Following feedback provided by test participants of the Closed Alpha, our team has been tuning core and endgame features. For example, we’re iterating on PvP content like the Cycle of Strife to make it more accessible, alongside late-game PvE content like the Helliquary to make it more engaging. We’re also working to provide controller support for those who want to play our game in a different way. However, these changes and additional opportunities to improve our gameplay experience will not be realized in the 2021 timeframe we had previously communicated. So, the game is now planned for release in the first half of 2022, which will allow us to add substantial improvements to the whole game.
Blizzard goes on to describe specific features it'll focus on, such as adding PvE Raids, adjusting Bounties and making Challenge Rifts more exciting. In terms of PvP adjustments, Blizzard will work on improving matchmaking, earning rankings, class balance, time to kill and other elements of the Battleground system, plus it'll spit-shine the Cycle of Strife endgame content. All of this joins a raft of changes to progression and XP caps.
It seems developers are still in the early stages when it comes to getting Diablo Immortal to play nice with gamepads.
"We're still working through the challenges of adapting the touch screen controls to a controller seamlessly," the blog reads. "Making our game more accessible is top of mind, and we’ll share more progress on this front as we approach the beta in the future."
Blizzard has other things on its plate right now, too. Activision Blizzard is facing a sexual harassment and gender discrimination lawsuit from the state of California, and Blizzard president J. Allen Brack left the company today amid allegations that he overlooked abuse in the workplace for years. Blizzard's head of HR, Jesse Meschuk, also left the studio this week. A second lawsuit was filed by shareholders today, claiming Activision Blizzard failed to disclose potential regulatory issues related to the company's discriminatory, frat-house-style culture.
WhatsApp is adding disappearing photo messages to its app. Called “view once” photos, the new feature allows users to send photos and videos in chats that can only be viewed a single time before disappearing.
The Snapchat-like feature is similar to Instagram and Messenger’s disappearing photo features. When snapping a picture in WhatsApp, users can select the timer icon to set the photo to “view once.” Unlike regular photo or video messages, the “view once” images won’t preview in the chat and can’t be downloaded to your device.
Facebook is billing the feature as one for “private moments” or for sending potentially sensitive information like Wi-Fi passwords. As always, people should be wary of just how “private” these kinds of messages really are. In a help article, the company notes that the recipient can still take a screenshot or record their screen while opening a “view once” photo and, unlike Snapchat, WhatsApp won’t let the sender know when a screenshot has been taken. The company also points out that “view once” photos that are reported will be made visible to WhatsApp.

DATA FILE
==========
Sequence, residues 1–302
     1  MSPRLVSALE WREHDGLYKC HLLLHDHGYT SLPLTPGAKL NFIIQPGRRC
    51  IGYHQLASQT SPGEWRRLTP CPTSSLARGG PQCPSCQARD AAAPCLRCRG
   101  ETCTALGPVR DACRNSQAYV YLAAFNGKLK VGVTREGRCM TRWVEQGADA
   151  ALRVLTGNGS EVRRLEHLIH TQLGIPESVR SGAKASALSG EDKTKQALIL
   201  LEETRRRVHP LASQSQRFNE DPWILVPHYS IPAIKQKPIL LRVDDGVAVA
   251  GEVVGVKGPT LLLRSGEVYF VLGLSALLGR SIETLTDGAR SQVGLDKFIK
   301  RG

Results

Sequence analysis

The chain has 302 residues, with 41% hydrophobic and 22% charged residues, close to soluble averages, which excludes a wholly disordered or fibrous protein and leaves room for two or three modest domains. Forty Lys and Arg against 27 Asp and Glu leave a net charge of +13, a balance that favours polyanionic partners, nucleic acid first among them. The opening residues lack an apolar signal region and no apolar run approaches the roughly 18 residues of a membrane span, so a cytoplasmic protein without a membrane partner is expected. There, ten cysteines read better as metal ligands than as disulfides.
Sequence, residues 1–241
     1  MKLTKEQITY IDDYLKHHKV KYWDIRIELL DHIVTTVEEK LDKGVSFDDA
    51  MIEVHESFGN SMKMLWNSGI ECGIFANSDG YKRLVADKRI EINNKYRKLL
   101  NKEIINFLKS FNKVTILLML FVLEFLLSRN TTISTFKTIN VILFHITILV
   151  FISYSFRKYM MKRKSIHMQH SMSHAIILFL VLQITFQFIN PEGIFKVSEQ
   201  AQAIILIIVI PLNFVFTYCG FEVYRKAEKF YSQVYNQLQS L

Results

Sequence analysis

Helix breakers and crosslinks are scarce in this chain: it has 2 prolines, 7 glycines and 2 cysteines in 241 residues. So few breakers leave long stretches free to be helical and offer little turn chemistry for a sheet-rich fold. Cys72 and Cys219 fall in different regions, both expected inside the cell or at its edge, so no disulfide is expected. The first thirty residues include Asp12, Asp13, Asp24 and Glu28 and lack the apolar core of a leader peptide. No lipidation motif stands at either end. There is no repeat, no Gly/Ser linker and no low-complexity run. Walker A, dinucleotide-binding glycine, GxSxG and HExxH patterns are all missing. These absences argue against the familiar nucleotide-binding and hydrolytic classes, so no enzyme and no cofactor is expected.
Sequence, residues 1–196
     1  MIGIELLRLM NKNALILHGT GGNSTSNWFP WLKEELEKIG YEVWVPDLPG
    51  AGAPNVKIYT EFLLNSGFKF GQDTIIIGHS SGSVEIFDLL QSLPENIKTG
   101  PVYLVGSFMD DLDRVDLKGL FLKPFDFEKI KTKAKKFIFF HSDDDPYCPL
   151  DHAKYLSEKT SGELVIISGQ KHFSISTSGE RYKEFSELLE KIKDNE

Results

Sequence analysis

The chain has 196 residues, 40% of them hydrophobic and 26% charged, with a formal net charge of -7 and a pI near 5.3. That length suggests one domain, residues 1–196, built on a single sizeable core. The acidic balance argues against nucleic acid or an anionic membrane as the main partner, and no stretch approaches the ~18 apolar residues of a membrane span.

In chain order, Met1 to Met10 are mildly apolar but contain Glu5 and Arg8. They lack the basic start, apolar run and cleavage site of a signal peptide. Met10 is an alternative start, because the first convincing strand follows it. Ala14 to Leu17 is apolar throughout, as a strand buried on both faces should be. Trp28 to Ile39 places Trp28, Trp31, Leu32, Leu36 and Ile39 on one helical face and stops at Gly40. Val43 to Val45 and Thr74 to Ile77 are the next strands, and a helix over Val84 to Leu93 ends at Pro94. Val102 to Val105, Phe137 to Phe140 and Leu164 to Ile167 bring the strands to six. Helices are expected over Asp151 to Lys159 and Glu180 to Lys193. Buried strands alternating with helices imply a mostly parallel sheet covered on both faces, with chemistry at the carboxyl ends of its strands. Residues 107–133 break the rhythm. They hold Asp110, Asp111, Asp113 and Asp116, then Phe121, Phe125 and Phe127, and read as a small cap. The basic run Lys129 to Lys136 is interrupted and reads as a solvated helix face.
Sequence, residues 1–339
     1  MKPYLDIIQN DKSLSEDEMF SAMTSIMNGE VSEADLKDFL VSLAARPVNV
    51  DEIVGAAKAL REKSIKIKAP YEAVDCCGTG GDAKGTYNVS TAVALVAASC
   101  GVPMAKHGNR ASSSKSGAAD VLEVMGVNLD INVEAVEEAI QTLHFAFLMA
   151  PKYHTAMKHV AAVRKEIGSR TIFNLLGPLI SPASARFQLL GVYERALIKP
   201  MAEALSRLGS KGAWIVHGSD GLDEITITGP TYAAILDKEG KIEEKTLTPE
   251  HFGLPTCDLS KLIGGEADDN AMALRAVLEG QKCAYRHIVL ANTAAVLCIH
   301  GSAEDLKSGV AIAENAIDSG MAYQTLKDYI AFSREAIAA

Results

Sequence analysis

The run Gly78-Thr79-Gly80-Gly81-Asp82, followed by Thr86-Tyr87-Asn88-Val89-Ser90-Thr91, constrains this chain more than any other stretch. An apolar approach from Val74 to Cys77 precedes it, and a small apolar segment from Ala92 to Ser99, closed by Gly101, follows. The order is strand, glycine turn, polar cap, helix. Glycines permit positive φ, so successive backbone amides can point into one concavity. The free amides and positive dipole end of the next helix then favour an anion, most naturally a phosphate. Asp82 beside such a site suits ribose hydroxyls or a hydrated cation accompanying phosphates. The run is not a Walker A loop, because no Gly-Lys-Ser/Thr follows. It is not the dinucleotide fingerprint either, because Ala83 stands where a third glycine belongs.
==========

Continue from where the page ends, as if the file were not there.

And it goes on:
A harassment and discrimination lawsuit from the California Department of Fair Employment and Housing (DFEH) isn’t the only legal battle Activision Blizzard has to worry about anymore. Ahead of the company’s Q2 earnings call on Tuesday, a firm called Rosen Law filed a class-action lawsuit on behalf of investors who traded in Activision Blizzard securities between August 4th, 2016 and July 27th, 2021.
The firm, the same one that’s behind a similar lawsuit against CD Projekt RED over the disastrous launch of Cyberpunk 2077, accuses Activision Blizzard of intentionally failing to disclose its ongoing problems with sexual harassment and discrimination. In doing so, Rosen Law alleges the company put itself at greater risk of regulatory legal scrutiny and enforcement. The suit names Activision Blizzard CEO Bobby Kotick, as well as several other executives, as defendants and seeks to recover damages for investors under federal securities laws.
The suit comes on the same day the company announced J. Allen Brack was “stepping down” from his role as president of Blizzard Entertainment. In its lawsuit, the State of California accuses Brack of taking “no effective remedial measures” to curb the “bro culture” that enabled individuals like Alex Afrasiabi to harass the company’s female employees. Taking his place are Jen Oneal and former Xbox executive Mike Ybarra, who will oversee the studio as co-leaders.